Saturday, June 23, 2012

Midsouth Reading & Writing Institute - Part 1

Thursday and Friday, June 21 and 22, I attended the Midsouth Reading & Writing Conference in Birmingham, Al. Thursday was done in what I think of as "traditional" conference style, with a Keynote speaker and four breakout sessions. The conference is geared more towards elementary school, so I only attended three sessions, as there was no option for a middle school teacher for session 4. However, the three sessions I did attend were great! Tonya Perry, a professor at UAB, held a session on Common Core. As I have been a stay-at-home mom while most of that was happening, I don't know a lot about it. Tonya was very knowledgeable and gave us some great information. We talked about the shifts and changes Common Core would produce in middle school ELA classrooms. She gave us index-card-sized color-coded papers with the different standards and we grouped them based on "do it," "do some of it," and "don't do it." That was a very telling experience as we were able to see patterns based on the color-coding.

The second session I attended was with Rick Shelton. If you teach writing at ANY grade level, you should take any opportunity you get to hear him speak. He's amazing!  He's a huge proponent of "you have to write to learn to write." He also believes that grammar is useless when taught in isolated lessons. For it to have any meaning it has to connect directly to the students' writing. Makes sense to me! I've been reading about writing workshops for a few years now, but it didn't REALLY click until yesterday!

The third session I attended was with Kathy Champeau and was about RtI and how Wisconsin handles it. It was also informative considering I'm not familiar with the actual wording of the law, just what was disseminated by administrators at the school I worked in during the 2010-2011 school year.

The most interesting part of the conference, though, was the second day. We spent the whole day listening to Peter Johnston. Most of his presentation came form his book Opening Minds and is about the use and effect of language in the classroom. He has some very intriguing ideas, but I'll save that for the next post!

Wednesday, June 20, 2012

No Dull Days

I've been looking for different quotes and sayings to post in my classroom, and while I was walking through a Hallmark store, I found a notepad of various Dr. Seuss sayings. This one in particular caught my eye, and I think I'll make it into a sign to hang in my room!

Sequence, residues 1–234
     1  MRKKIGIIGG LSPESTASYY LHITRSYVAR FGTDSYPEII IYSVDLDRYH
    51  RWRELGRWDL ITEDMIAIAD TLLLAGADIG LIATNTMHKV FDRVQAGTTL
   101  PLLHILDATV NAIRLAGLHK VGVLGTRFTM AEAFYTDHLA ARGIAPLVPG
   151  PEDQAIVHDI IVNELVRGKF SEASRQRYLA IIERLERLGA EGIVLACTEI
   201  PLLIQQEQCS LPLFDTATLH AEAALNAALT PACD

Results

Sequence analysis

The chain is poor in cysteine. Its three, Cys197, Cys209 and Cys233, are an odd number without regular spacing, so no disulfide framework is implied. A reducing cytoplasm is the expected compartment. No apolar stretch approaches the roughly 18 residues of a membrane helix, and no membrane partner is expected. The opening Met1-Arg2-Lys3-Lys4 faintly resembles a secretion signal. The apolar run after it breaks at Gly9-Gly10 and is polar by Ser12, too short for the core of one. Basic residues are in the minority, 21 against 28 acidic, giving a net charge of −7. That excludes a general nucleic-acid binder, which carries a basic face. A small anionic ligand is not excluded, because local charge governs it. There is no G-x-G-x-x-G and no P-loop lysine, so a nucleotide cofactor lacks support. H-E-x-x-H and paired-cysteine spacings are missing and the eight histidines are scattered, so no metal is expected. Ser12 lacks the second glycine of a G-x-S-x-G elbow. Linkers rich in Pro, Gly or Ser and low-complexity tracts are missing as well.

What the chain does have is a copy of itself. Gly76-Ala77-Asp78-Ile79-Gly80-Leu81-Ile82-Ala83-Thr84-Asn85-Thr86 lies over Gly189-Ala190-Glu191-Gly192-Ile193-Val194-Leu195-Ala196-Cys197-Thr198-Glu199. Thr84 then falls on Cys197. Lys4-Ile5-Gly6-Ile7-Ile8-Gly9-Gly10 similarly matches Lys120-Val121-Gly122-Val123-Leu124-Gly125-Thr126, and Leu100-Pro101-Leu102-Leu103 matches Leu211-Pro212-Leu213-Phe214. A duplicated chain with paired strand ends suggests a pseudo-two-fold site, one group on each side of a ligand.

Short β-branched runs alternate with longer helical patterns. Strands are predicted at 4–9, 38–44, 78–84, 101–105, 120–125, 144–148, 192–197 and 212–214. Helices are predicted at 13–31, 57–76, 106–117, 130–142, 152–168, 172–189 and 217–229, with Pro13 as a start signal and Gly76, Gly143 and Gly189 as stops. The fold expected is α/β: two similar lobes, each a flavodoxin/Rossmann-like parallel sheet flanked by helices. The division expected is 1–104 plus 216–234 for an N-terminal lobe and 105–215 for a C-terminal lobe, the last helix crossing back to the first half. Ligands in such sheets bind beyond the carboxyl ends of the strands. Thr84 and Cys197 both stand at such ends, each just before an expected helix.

We could have a dull day and just sit, sit, sit... but that isn't likely! Not one little bit!

Teaching history I had a GREAT mentor who loved to get the kids up and moving and involved. We had great hands-on activities almost every week. We put tape maps down on the floor and battled for land in Greece, we excavated tombs in ancient China, we took a riverboat cruise down the Nile, we re-enacted battles, we spent a day pretending to be medieval monks... it was honestly the most fun I've ever had teaching!

Returning to the classroom this year I'm going back to teaching English. I have some mixed feelings about it based SOLELY on the awesome experience I had teaching history. My previous English teacher mentors were seriously old-school. They were all about grammar drill and practice, worksheets, quizzes... you know the type. I was even told by one of them that I was "an English teacher, not a drama teacher" and I needed to "calm down and stop getting so excited." So I'm sure you can see my dilemma here. English is what I have to work with now. So the question is, can I infuse my English class with the excitement I felt teaching history? The sign mentioned above is more a reminder for me than anything. I don't want to fall back into those old patterns of dull sitting and lecturing and quizzing. That sucks. It sucks for the kids, and it sucks for me, and I don't like it, not one little bit! So now my challenge is to figure out to translate that history experience into some rockin' good English lessons!